Recent and ongoing projects pertain to the influence of the Leeuwin Current and its associated eddy field on fish larvae, krill and zooplankton, feeding ecology of rock lobster larvae and mesopelagic fishes and, as part of the second International Indian Ocean Expedition, an integrated bio-physical investigation of the oceanic ecosystem along the 110°E meridian from sub-Antarctic to tropical waters.

 

Key researchers

Professor Alan Lymbery

Professor Lymbery’s research is principally in the field of disease ecology, addressing both conservation challenges facing native freshwater fishes and infectious disease threats to aquaculture species. Professor Lymbery’s work bridges parasitology, ecology and genetics to bring findings relevant to biodiversity conservation.

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Professor Neil Loneragan

Professor Loneragan leads the fish biology research node of the Centre, with a focus on population biology and ecology of fish and invertebrates, relationships between aquatic habitats and fisheries production and biodiversity, the trophic ecology of estuaries and marine systems, interactions of fisheries with the environment; methods for fisheries assessments, and stock enhancement of recreational and commercial fisheries.

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Associate Professor David Morgan

Associate Professor Morgan is the Deputy Director of the Centre for Sustainable Aquatic Ecosystems. His research, which takes him throughout Western Australia, studies threatened fishes, alien fishes and their impacts to native fauna and the ecology of fish and how they use their habitats. His auspicious career has led to the discovery of new species and the documentation of the distribution of most inland Western Australian fishes.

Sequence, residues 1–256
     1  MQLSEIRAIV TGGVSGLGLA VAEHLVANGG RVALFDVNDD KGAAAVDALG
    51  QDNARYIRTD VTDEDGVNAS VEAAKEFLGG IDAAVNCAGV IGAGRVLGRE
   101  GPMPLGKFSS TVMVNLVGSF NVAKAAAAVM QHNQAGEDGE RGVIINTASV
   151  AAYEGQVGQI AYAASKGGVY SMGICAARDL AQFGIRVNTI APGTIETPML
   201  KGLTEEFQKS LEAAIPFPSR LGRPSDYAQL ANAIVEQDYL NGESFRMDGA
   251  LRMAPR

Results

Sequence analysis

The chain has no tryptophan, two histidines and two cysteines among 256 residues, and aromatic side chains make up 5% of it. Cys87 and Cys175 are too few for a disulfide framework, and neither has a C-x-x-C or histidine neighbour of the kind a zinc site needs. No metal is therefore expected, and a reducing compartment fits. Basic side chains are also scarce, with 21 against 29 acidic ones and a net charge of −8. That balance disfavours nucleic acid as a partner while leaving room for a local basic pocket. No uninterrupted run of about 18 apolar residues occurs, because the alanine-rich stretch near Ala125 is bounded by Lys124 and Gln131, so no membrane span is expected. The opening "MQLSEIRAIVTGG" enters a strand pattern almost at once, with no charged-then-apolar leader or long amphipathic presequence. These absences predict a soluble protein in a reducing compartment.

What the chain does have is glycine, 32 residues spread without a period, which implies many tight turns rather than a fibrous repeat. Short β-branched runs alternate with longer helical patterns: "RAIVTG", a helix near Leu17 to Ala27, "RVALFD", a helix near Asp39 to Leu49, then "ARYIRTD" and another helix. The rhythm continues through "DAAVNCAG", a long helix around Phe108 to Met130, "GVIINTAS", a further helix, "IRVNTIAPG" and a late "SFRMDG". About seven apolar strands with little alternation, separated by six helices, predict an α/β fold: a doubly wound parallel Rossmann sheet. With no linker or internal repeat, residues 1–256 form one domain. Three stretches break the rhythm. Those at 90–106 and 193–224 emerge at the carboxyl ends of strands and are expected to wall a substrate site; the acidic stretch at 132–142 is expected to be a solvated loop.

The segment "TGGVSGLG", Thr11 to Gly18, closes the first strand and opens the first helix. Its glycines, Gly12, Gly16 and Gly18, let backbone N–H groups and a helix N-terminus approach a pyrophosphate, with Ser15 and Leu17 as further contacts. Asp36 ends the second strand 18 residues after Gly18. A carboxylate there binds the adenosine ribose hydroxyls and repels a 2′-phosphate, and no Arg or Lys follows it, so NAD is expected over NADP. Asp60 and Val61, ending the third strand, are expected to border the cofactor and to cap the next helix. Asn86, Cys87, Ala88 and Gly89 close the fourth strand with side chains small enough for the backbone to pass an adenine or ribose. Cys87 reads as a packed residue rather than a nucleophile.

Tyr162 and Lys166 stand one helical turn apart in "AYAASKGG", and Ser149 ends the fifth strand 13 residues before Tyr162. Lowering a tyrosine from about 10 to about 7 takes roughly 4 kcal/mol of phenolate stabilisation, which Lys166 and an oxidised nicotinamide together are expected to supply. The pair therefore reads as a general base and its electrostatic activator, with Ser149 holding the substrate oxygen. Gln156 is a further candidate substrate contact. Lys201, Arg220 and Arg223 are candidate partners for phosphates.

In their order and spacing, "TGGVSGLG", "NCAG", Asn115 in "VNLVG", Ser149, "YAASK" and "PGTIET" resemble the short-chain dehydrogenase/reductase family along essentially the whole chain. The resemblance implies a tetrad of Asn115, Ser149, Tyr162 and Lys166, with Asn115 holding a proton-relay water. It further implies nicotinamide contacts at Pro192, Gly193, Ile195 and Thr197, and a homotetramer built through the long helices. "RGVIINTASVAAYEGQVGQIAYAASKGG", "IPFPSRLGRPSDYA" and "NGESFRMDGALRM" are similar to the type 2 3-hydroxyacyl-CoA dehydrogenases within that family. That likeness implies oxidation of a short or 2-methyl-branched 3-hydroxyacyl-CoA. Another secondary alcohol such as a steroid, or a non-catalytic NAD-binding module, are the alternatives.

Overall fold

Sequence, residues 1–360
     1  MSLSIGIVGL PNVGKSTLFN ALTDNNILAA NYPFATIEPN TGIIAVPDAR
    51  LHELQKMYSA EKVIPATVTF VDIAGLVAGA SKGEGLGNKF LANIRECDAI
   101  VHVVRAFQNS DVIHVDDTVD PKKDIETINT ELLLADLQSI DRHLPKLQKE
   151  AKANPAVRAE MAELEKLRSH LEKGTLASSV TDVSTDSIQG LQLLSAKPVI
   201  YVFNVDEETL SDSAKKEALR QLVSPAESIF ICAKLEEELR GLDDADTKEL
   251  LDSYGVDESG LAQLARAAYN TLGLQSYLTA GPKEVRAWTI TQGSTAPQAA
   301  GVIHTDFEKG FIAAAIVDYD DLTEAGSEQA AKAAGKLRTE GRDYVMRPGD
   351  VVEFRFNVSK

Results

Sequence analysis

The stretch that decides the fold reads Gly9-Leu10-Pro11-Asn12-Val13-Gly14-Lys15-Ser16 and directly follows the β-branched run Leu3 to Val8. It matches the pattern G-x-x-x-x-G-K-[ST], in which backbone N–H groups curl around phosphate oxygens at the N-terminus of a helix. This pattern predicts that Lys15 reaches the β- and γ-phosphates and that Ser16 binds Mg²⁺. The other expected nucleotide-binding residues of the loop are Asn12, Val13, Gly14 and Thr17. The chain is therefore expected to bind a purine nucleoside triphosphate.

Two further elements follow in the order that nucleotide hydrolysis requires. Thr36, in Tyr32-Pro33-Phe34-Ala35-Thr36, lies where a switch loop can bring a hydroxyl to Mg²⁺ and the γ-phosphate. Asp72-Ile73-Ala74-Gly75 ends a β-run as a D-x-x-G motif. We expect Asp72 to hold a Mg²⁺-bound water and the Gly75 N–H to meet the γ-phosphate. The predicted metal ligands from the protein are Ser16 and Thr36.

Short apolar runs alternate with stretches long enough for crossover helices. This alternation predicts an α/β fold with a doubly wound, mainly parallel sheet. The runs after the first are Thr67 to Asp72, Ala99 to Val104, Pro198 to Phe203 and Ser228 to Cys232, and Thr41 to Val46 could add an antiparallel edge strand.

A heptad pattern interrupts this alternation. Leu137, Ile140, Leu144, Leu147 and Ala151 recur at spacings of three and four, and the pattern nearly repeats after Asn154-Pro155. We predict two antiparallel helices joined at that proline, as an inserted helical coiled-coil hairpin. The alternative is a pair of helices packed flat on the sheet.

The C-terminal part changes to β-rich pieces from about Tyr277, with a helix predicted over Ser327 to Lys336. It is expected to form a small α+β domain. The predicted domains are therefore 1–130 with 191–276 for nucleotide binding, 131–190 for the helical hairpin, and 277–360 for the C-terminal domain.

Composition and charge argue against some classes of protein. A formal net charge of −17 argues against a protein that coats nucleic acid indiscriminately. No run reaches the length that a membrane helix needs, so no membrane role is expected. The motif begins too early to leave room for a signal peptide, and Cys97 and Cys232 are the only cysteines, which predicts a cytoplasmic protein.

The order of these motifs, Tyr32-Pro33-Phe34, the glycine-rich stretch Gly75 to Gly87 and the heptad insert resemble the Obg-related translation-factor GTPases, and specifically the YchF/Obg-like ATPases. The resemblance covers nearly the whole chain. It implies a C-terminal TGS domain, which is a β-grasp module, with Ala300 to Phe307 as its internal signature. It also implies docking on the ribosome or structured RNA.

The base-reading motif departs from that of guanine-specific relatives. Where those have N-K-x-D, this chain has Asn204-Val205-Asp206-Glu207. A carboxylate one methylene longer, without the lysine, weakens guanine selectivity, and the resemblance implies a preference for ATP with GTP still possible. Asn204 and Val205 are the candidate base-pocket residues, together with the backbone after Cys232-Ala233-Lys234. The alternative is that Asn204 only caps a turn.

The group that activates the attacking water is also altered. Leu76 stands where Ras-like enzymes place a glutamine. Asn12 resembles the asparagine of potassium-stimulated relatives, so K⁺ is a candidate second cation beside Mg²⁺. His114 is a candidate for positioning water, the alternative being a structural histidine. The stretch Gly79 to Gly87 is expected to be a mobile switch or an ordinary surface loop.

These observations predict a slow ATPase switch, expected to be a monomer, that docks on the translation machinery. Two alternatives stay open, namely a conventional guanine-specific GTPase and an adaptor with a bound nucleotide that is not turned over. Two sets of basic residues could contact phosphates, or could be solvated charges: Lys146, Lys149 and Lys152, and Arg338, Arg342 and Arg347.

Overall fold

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Dr Adrian Gleiss

Dr Gleiss’ research revolves around understanding how ecology and physiology drive the evolution of animals, including research into the movement ecology of marine megafauna. Dr Gleiss uses biologging tags to log migration patterns and movement behaviours, and his work on the freshwater sawfish in the Kimberley has brought worldwide attention to this globally threatened fish.

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Professor Lynnath Beckley

Professor Beckley’s research at Murdoch includes leading the Marine Science programme, lecturing in coastal and marine management, and research on marine resource use and biological oceanography of the Leeuwin Current. She was the recipient of the prestigious Australian Marine Sciences Association Jubilee Award in 2020 for her contribution to marine research in Western Australia, and in 2019 she led an international research team on the RV Investigator that contributed to the second International Indian Ocean Expedition.

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Dr Stephen Beatty

Dr Beatty’s research interests relate to the conservation of inland aquatic ecosystems. A particular field of interest is the biology and ecology of freshwater crayfishes and his work has included determining the biology and ecology of the Smooth Marron to aid in the sustainable management of its recreational fishery. Other areas of his research relate to south-western Australian freshwater fish communities, particularly with regard to the impacts of feral species, river regulation, surface and groundwater extraction and salinisation.